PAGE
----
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YOUNG INNOVATOR: FIRED IMAGINATION

A young student from Budgam has developed a speed breaker detector system that can help prevent road accidents

Iqrar Rashid Dav’s idea can save lives, literally. The class 12 student of science at Government Boys Higher Secondary Beerwah, Budgam, has developed an “advance speed breaker detector system” for vehicles that can help reduce road accidents.

It has already earned him the APJ Abdul Kalam Ignited Minds Award, 2017 from the National Innovation Foundation. He received the award from former Indian president Pranab Mukherjee on December 22 last year.

What sparked his idea? “In Kashmir, speed breakers are all too common. They are not painted everywhere, hence they cannot be detected from far off,” Iqrar explained. “If there is an emergency, say somebody needs to be taken to hospital, any driver goes faster. But often, because speedbreakers are not easily visible, it causes trouble.”

Iqrar’s system uses a laser and an image sensor to detect a speed breaker and raise alarm. The laser light, mounted externally, is reflected whenever it hits an obstacle, thereby measuring the distance between the vehicle and the object. The image sensor, also mounted externally, generates an image of the obstacle, which is processed by a controlling unit. If it matches the system’s predefined image criteria – of a speed breaker, say – the controller displays the information – how far ahead the breaker is, for example – to a display fitted inside the vehicle and activates an alarm.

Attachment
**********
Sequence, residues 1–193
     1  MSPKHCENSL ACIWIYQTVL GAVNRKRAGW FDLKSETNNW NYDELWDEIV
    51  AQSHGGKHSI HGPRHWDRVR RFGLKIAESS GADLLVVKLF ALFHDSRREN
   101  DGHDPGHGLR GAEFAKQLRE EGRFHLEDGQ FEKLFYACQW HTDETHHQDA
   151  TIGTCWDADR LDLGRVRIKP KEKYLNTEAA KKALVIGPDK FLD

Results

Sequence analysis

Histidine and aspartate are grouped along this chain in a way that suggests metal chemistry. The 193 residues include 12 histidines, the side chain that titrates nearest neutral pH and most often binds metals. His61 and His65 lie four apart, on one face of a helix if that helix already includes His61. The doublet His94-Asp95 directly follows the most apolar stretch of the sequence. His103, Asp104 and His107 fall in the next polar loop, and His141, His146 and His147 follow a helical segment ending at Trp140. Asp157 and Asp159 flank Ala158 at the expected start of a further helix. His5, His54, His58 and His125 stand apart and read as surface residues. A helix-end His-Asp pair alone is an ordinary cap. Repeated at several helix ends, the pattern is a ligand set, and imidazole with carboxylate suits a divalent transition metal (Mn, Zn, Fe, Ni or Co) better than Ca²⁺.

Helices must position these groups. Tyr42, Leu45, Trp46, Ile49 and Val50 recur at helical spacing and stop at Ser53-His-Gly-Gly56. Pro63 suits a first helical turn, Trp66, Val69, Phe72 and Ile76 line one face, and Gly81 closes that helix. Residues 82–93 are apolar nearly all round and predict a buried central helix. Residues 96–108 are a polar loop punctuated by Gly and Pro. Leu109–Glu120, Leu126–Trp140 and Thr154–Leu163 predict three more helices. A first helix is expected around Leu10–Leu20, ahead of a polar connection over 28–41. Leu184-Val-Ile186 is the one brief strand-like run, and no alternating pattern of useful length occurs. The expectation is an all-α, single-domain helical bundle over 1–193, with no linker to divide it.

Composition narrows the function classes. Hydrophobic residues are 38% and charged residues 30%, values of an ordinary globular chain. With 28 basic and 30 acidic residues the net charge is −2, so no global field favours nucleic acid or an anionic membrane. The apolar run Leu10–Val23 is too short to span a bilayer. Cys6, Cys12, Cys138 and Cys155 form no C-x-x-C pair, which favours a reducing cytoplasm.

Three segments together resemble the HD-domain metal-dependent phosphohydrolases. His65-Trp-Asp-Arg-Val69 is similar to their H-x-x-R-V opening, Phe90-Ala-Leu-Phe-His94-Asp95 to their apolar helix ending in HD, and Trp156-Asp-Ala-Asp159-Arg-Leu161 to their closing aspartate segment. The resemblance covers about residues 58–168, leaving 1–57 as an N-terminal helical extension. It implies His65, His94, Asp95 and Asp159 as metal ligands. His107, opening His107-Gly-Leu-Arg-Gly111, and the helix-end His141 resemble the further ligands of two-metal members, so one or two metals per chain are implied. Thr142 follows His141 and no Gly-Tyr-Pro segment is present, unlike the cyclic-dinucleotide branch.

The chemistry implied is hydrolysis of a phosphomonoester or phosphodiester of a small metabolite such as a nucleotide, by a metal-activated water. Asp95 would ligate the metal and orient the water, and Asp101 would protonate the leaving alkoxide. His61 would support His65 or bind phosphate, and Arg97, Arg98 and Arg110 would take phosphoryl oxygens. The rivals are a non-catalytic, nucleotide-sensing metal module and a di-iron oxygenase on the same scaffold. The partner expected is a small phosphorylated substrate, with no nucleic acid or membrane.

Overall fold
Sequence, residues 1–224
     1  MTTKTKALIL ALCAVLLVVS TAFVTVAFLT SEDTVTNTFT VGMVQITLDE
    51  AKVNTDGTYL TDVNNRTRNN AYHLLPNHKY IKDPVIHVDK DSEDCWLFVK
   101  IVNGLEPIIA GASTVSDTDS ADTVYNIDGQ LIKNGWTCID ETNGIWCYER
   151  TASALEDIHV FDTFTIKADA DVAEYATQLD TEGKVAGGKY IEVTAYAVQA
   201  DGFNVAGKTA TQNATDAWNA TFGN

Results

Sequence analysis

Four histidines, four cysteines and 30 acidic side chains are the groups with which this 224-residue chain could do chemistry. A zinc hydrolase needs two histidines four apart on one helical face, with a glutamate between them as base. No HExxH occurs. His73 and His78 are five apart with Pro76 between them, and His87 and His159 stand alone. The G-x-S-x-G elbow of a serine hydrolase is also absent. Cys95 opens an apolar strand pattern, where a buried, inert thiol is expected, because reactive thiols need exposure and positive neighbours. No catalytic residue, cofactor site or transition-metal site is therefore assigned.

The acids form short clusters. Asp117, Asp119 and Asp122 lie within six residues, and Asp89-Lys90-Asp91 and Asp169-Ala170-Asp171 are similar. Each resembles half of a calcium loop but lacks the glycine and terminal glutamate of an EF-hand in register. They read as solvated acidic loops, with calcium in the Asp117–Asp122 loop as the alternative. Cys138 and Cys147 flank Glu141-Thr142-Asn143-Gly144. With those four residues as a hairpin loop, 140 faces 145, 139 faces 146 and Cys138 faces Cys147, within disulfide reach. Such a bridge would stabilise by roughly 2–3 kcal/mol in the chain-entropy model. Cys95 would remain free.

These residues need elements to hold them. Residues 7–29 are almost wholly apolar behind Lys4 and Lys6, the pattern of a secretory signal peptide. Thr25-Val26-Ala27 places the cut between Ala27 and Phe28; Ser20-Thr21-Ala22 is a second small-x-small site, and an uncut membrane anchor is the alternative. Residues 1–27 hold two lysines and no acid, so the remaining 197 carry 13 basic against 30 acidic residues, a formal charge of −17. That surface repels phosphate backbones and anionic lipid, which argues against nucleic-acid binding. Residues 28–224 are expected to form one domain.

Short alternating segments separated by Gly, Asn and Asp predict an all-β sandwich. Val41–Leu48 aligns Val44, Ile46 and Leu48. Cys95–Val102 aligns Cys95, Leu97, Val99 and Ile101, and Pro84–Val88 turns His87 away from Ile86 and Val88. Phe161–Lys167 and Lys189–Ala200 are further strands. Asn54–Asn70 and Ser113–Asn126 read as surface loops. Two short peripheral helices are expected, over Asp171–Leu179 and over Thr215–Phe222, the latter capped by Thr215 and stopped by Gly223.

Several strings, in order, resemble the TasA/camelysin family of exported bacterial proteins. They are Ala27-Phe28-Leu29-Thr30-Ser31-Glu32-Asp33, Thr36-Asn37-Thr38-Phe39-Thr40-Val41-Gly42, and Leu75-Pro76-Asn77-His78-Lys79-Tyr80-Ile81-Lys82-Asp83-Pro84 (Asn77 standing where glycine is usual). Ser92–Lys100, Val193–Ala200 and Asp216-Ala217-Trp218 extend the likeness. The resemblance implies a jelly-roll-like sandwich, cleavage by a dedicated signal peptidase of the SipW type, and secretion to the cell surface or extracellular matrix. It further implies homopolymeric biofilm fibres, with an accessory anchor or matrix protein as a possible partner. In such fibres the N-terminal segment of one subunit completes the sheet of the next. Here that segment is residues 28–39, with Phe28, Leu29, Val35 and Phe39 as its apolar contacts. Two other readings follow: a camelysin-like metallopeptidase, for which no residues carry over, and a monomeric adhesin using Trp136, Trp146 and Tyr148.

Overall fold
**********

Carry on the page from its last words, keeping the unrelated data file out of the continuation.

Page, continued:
In October last year, the National Innovation Foundation organised an “innovate ideas competition” at his school and Iqrar pitched his “advance speed breaker detector system”. The organisers were impressed enough to choose him for the Ignited Minds Award, the only one from Kashmir. “It was a great moment getting this prestigious award and it has encouraged me a lot,” he said. “My ultimate aim is to become a scientist.”

His father, Abdul Rashid Dav, is as elated. “I spend every rupee of my meagre income on my children’s education. I want to see them succeed,” said Rashid, a shawl weaver. “So I was greatly pleased when I heard my son had been chosen for such a prestigious award.”

Courtesy Kashmir Ink

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